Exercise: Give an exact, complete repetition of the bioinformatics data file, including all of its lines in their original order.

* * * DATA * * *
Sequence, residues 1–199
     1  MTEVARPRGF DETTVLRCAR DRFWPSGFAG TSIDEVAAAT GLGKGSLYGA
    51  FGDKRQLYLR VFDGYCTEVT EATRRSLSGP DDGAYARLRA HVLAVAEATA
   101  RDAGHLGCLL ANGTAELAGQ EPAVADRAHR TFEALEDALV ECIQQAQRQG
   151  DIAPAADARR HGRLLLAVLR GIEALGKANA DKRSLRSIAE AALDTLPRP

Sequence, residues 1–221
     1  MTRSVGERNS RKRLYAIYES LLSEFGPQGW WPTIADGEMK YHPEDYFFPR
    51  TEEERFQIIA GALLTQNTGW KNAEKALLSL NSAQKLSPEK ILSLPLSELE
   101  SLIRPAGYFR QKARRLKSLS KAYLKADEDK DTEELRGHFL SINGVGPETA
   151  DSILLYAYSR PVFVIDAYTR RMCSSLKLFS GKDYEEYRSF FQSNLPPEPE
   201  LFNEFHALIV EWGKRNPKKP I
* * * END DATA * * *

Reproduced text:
Sequence, residues 1–199
     1  MTEVARPRGF DETTVLRCAR DRFWPSGFAG TSIDEVAAAT GLGKGSLYGA
    51  FGDKRQLYLR VFDGYCTEVT EATRRSLSGP DDGAYARLRA HVLAVAEATA
   101  RDAGHLGCLL ANGTAELAGQ EPAVADRAHR TFEALEDALV ECIQQAQRQG
   151  DIAPAADARR HGRLLLAVLR GIEALGKANA DKRSLRSIAE AALDTLPRP

Sequence, residues 1–221
     1  MTRSVGERNS RKRLYAIYES LLSEFGPQGW WPTIADGEMK YHPEDYFFPR
    51  TEEERFQIIA GALLTQNTGW KNAEKALLSL NSAQKLSPEK ILSLPLSELE
   101  SLIRPAGYFR QKARRLKSLS KAYLKADEDK DTEELRGHFL SINGVGPETA
   151  DSILLYAYSR PVFVIDAYTR RMCSSLKLFS GKDYEEYRSF FQSNLPPEPE
   201  LFNEFHALIV EWGKRNPKKP I